While the Mariners are known for their top pitching prospects, it was their offensive numbers that really stood out in 2012. Amongst all full-season minor league clubs, the Mariners affiliates finished in the top 5 in nearly every offensive category, including ranking first in hits, home runs, slugging percentage and on-base percentage. Infielders Nick Franklin (#5), Stefen Romero (#8) and Brad Miller (#9) joined Zunino as the Mariners position players in the organizations top 10 rankings. Romero was named the Mariners Minor League Player of the Year after batting .352 (167×474) with 85 runs scored, 64 extra-base hits and 101 RBI in 116 games combined between High-A High Desert and AA Jackson. Franklin was recently named to the Arizona Fall League Top Prospect Team, while Miller ranked second amongst all Minor Leaguers with 186 hits.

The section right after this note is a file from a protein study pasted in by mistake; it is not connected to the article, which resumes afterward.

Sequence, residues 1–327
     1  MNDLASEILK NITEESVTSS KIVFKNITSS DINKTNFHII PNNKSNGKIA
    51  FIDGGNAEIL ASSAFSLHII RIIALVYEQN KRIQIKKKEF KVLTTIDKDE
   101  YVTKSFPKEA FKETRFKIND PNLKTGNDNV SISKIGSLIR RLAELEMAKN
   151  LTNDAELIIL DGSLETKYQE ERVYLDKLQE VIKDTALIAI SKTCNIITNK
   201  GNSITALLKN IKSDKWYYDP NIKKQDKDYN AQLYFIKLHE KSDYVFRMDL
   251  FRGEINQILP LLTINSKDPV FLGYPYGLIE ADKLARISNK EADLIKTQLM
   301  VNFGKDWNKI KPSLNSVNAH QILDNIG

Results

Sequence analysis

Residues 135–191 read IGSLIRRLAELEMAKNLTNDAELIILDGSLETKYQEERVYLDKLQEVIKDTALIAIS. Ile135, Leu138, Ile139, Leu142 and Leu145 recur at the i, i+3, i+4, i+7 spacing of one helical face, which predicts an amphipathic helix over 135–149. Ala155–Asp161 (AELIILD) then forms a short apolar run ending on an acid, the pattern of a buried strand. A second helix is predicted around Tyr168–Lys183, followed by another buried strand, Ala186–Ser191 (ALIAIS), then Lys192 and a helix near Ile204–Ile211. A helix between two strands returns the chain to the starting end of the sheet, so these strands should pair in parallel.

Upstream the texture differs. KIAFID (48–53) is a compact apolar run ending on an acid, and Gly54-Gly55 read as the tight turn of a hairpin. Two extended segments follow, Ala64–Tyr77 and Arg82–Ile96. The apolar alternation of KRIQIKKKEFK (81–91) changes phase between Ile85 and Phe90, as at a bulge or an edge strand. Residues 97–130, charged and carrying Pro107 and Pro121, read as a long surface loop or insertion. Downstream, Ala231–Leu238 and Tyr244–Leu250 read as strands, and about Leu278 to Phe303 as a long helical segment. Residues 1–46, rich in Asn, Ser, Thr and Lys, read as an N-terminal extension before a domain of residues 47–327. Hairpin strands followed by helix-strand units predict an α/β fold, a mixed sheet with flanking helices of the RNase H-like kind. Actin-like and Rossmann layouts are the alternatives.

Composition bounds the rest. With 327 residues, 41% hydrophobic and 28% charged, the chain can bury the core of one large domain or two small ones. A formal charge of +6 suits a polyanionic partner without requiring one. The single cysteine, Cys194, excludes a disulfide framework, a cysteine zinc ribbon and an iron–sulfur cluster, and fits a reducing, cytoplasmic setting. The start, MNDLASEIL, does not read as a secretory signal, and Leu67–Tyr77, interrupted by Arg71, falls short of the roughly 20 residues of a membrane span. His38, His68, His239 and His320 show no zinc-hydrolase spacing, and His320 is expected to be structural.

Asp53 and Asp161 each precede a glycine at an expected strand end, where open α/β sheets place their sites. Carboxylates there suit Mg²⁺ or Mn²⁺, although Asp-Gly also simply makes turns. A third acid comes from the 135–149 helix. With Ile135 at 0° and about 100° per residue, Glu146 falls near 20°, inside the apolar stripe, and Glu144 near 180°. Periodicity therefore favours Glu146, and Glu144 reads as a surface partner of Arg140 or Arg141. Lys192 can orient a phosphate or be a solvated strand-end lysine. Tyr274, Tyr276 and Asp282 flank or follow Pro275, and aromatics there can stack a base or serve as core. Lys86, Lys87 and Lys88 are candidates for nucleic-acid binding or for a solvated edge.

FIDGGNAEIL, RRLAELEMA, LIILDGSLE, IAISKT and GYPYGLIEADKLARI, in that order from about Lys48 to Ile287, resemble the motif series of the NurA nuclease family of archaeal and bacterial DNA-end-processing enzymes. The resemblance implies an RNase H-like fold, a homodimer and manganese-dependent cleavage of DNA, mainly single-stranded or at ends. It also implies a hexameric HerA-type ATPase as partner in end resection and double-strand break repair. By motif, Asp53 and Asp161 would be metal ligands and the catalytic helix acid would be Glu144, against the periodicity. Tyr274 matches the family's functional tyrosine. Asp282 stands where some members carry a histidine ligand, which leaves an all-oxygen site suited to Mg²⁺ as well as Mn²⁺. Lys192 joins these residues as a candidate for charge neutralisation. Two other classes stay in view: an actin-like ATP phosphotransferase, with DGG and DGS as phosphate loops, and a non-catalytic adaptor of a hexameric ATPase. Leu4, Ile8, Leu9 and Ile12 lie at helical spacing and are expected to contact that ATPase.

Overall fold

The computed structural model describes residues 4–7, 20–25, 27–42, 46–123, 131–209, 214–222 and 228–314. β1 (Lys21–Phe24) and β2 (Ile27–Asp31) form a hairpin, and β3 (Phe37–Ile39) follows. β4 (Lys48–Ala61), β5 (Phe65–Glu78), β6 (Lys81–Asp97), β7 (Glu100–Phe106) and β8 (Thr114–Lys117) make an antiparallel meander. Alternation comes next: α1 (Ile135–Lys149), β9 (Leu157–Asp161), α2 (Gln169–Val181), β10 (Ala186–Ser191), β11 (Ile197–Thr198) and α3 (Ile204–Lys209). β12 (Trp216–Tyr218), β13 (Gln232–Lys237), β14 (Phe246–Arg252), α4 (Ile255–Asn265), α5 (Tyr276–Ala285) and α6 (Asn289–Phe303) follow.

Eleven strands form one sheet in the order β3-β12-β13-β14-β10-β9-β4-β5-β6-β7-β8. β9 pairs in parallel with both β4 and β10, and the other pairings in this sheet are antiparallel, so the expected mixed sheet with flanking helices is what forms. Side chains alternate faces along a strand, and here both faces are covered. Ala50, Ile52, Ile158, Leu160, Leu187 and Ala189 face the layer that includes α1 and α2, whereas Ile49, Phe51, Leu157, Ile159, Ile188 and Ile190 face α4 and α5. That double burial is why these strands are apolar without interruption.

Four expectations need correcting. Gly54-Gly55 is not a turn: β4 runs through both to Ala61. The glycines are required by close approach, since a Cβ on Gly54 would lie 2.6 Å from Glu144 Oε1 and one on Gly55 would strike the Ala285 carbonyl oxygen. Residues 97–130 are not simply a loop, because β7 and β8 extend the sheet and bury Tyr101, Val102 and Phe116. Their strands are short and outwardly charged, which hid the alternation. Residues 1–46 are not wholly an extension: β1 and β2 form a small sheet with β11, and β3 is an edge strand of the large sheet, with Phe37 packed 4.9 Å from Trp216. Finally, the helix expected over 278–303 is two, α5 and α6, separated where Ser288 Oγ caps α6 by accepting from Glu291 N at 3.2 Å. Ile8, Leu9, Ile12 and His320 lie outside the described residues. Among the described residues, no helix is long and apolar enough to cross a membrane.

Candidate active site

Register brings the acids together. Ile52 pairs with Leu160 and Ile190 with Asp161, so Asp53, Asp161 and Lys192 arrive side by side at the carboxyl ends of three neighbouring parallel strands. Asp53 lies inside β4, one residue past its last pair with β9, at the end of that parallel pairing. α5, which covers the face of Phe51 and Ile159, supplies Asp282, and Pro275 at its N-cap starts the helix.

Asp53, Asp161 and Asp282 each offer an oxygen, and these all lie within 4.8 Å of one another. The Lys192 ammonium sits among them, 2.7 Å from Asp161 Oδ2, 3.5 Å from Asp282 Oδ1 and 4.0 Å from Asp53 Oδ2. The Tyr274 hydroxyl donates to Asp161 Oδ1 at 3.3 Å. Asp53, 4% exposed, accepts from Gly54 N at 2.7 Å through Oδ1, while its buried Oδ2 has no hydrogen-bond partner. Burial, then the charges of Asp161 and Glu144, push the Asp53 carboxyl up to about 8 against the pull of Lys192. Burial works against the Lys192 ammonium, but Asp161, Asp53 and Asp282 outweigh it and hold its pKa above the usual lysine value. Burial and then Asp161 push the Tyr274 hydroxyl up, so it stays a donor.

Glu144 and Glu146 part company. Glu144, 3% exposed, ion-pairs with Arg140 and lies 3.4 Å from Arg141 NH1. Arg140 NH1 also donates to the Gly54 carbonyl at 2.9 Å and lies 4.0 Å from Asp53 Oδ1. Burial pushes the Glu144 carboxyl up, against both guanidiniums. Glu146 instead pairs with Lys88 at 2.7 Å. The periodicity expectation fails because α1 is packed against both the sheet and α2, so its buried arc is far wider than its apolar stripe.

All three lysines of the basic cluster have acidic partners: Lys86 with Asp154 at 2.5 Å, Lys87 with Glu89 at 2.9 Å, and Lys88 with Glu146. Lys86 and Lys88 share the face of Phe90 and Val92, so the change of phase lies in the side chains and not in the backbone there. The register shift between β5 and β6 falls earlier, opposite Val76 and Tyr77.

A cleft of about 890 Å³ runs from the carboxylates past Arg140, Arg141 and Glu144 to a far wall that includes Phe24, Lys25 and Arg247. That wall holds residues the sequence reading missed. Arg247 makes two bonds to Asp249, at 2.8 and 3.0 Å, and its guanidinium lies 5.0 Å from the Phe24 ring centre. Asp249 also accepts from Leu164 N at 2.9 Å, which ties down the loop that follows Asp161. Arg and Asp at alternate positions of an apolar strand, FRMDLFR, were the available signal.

The Mariners announced the 2012 Minor League Awards today, and all players will be honored before the season finale today vs. the Los Angeles Angels.
Infielder Stefen Romero (High Desert/Jackson) was named Player of the Year, while right-hander Carter Capps (Jackson/Tacoma/Seattle) was named the Pitcher of the Year. Infielder Brad Miller (High Desert/Jackson) received the Heart and Soul Award for his exemplary play and leadership and right-handed pitcher Brandon Maurer (Jackson) was named the Most Improved Player in the Mariners organization.